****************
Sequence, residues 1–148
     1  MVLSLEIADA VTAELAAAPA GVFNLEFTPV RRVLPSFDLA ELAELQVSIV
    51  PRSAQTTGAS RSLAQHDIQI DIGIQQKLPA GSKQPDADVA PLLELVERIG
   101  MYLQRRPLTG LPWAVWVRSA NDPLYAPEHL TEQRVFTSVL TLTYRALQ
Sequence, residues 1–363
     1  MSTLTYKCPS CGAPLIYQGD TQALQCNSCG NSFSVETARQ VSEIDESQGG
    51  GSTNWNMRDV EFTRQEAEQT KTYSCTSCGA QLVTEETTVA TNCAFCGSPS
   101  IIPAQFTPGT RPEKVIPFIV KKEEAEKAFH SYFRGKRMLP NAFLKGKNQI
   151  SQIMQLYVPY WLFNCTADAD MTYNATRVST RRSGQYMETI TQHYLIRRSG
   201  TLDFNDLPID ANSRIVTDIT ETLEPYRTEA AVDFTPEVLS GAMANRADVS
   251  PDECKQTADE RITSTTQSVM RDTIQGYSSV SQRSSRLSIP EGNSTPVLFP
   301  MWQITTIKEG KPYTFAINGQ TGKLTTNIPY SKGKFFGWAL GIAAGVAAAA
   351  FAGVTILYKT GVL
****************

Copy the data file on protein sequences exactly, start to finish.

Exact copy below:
Sequence, residues 1–148
     1  MVLSLEIADA VTAELAAAPA GVFNLEFTPV RRVLPSFDLA ELAELQVSIV
    51  PRSAQTTGAS RSLAQHDIQI DIGIQQKLPA GSKQPDADVA PLLELVERIG
   101  MYLQRRPLTG LPWAVWVRSA NDPLYAPEHL TEQRVFTSVL TLTYRALQ
Sequence, residues 1–363
     1  MSTLTYKCPS CGAPLIYQGD TQALQCNSCG NSFSVETARQ VSEIDESQGG
    51  GSTNWNMRDV EFTRQEAEQT KTYSCTSCGA QLVTEETTVA TNCAFCGSPS
   101  IIPAQFTPGT RPEKVIPFIV KKEEAEKAFH SYFRGKRMLP NAFLKGKNQI
   151  SQIMQLYVPY WLFNCTADAD MTYNATRVST RRSGQYMETI TQHYLIRRSG
   201  TLDFNDLPID ANSRIVTDIT ETLEPYRTEA AVDFTPEVLS GAMANRADVS
   251  PDECKQTADE RITSTTQSVM RDTIQGYSSV SQRSSRLSIP EGNSTPVLFP
   301  MWQITTIKEG KPYTFAINGQ TGKLTTNIPY SKGKFFGWAL GIAAGVAAAA
   351  FAGVTILYKT GVL